After you’re done, clean out any residue from the flanges. Some moms also apply lanolin or even olive oil instead of coconut.
If you’re not comfortable applying anything to the inside of your breast shield, your own breast milk can do the trick! After hand-expressing a few drops, rub the milk on the inner part of the tunnel.
In case you are experiencing soreness or pain after a pumping session, allow a small amount of milk to dry on your nipples. According to La Leche League, your milk can actually heal the sore tissue!
2. Adjust the suction strength
Depending on the kind of pump you’re using, you should also make sure that the suction strength isn’t set too high.
For a comfortable pumping experience, be mindful of how much discomfort you can tolerate.
This means avoiding setting the suction strength to the maximum level if you can’t handle it.
Women with elastic breast tissue will also benefit from lowering the suction setting as it won’t apply too much pressure on the milk ducts, allowing the breasts to be fully drained.
3. Try a breast pump cushion
Some moms also find relief in a breast pump cushion, which is a kind of pumping accessory you place between your nipple and the flange to keep the nipple in place and customize the fit in case your flanges don’t fit you properly.
What’s more, they can make the breast pumping experience more comfortable because they act as a gentle barrier between the plastic of the flange and the sensitive tissue of your nipple – especially in cases of exclusive pumping.
While these cushions have been a game-changer for some moms, others have found them to be more trouble than they are worth.
So make sure to do your research before purchasing them for the first time.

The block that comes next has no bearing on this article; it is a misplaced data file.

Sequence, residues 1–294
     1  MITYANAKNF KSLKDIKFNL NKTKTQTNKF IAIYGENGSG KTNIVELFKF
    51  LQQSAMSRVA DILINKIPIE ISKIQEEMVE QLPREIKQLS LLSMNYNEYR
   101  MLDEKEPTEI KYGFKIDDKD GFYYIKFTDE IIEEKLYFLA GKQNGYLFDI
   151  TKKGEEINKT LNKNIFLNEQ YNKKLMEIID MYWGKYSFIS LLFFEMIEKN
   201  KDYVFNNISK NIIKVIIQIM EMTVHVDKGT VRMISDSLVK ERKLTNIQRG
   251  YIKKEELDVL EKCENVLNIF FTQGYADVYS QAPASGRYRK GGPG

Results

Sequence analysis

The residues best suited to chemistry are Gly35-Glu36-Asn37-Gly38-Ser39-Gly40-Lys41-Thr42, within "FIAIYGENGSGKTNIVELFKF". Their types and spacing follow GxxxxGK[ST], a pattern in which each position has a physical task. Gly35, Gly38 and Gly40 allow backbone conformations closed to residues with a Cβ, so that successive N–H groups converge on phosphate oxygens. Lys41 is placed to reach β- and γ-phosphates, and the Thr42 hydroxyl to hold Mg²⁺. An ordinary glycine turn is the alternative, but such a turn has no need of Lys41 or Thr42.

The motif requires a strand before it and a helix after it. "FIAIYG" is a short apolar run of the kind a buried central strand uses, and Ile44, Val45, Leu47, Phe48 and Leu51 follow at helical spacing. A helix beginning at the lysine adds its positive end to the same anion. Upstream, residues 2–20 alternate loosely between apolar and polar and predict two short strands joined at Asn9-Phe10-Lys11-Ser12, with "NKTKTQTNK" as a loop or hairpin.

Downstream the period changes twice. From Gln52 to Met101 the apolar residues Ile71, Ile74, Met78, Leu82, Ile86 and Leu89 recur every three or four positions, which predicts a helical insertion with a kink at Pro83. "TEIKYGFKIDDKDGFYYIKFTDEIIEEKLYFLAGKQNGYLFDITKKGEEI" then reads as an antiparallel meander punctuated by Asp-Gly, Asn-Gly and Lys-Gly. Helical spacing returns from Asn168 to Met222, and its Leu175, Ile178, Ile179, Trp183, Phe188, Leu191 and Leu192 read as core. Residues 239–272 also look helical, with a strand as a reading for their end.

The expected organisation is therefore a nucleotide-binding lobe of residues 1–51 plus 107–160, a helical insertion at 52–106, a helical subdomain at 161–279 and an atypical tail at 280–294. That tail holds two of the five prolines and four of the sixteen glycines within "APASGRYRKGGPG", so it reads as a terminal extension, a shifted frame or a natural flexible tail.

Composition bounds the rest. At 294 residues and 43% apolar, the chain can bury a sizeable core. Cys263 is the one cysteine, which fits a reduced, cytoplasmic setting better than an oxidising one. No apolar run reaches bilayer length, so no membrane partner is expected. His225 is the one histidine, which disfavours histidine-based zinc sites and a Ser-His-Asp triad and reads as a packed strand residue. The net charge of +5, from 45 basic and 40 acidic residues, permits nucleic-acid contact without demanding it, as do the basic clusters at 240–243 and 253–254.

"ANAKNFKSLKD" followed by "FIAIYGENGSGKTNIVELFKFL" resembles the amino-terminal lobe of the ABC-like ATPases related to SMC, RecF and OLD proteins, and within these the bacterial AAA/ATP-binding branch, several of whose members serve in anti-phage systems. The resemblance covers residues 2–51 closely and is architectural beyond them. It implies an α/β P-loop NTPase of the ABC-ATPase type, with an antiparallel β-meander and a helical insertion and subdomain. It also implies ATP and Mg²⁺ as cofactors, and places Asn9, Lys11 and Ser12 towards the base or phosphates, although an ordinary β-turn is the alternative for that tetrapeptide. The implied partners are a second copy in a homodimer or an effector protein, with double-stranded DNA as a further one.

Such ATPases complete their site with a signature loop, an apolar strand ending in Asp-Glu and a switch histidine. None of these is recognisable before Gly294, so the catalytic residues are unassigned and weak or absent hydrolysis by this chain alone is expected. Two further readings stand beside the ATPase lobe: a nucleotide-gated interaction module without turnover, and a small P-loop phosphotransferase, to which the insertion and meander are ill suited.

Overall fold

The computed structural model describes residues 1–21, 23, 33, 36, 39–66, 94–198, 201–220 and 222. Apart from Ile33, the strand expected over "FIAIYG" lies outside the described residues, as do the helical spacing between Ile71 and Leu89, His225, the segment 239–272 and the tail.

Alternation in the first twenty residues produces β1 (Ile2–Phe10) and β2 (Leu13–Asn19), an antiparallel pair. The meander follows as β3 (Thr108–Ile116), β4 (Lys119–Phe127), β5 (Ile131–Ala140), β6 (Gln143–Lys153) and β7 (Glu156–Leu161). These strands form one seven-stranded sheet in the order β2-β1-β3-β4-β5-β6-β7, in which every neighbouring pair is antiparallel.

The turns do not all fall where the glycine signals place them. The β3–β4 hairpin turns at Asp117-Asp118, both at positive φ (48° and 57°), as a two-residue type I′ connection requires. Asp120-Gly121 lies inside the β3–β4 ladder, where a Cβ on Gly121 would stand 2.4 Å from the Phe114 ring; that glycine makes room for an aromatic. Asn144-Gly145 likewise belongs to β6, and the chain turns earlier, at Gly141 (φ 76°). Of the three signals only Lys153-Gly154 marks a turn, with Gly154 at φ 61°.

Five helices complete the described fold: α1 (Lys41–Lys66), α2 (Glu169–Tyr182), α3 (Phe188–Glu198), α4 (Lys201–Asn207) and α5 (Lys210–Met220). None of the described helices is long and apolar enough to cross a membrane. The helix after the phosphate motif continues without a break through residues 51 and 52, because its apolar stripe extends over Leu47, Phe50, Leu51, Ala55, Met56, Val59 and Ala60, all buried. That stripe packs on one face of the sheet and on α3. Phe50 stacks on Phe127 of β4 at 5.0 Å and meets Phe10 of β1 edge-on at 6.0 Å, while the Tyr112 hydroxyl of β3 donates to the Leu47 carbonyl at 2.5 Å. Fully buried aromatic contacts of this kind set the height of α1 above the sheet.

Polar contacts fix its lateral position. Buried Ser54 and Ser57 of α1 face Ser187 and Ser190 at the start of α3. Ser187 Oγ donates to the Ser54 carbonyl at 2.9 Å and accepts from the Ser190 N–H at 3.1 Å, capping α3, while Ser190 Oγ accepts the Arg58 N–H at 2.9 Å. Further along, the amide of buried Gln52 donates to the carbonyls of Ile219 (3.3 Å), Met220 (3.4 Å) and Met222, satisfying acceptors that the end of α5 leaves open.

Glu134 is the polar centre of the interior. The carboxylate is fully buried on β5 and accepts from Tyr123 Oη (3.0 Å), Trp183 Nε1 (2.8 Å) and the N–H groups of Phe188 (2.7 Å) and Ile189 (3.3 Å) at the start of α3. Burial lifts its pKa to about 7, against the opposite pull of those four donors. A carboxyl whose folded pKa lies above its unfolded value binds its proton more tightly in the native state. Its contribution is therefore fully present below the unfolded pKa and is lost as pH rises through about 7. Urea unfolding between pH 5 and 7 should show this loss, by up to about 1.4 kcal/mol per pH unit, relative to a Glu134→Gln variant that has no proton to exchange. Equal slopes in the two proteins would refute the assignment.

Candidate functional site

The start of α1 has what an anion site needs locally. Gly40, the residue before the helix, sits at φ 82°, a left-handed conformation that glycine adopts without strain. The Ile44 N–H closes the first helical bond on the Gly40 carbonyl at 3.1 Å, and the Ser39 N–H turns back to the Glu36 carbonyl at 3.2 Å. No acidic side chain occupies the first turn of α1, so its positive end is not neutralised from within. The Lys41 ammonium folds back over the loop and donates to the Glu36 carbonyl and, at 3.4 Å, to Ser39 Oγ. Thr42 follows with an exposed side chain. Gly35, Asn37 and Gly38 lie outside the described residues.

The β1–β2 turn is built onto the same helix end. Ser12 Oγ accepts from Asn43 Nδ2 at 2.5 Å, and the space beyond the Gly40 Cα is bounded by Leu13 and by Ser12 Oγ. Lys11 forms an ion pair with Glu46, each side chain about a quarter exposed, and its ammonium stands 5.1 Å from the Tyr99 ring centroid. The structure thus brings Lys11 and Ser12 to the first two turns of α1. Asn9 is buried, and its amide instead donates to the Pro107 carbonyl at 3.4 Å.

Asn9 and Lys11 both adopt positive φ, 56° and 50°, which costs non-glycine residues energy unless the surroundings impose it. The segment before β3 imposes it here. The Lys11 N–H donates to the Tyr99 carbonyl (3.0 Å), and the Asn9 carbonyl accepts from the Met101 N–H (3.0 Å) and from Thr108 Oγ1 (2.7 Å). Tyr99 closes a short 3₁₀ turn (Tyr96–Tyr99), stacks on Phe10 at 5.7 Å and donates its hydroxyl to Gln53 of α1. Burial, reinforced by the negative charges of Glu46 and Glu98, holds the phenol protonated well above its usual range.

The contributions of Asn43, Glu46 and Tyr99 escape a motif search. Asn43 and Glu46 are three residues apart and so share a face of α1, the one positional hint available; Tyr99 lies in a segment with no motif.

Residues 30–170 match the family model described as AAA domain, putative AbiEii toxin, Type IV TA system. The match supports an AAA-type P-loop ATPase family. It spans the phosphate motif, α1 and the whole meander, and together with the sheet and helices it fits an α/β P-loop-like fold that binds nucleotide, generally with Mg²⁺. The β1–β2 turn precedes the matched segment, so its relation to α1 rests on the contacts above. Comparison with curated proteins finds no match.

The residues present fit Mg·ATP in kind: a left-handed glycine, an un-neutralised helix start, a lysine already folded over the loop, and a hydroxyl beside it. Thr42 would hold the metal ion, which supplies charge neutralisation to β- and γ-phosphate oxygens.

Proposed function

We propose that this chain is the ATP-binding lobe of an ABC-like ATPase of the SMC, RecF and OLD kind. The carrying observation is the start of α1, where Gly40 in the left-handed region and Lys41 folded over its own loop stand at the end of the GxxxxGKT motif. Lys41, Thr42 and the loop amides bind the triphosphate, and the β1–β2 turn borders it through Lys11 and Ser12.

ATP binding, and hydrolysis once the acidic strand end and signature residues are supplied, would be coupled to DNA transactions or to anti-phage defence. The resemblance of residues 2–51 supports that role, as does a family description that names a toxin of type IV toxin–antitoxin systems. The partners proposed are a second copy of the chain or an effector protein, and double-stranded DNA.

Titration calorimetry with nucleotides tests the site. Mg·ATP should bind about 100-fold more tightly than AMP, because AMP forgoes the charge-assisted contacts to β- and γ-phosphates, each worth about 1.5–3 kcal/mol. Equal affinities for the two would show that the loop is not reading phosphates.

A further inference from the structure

Many moms with elastic breast tissue have found that BeauGen cushions can be of immense help when it comes to keeping their nipples positioned properly when pumping.
They’re also a great option if your flanges are the wrong size (or if you are between sizes) as they create a better fit.
Unfortunately, these cushions do need to be replaced every couple of weeks.
The exact lifespan of each pair will depend on how much you pump. What’s more, they cannot be sterilized, as the material can get damaged when exposed to very high temperatures.
4. Change the flange size
Finally, when it comes to flanges, you can look into purchasing a larger or smaller size.
For instance, if your current flanges are too large, the suction of the pump will only pull your nipples further in.
But if it’s too small, there will be too much friction, causing pain and discomfort.
In addition, moms with small nipples may have a hard time finding flanges that are a good fit.
Fortunately, there are companies such as Maymom that offer flanges for women whose nipple diameter is as small as 12 to 14 mm.
And remember, nipple size can change! If you’re not sure whether you’ve measured correctly, an international board-certified lactation consultant (IBCLC) can help you.
There are also companies making special flanges for women with elastic breast tissue, such as Pumpin Pals.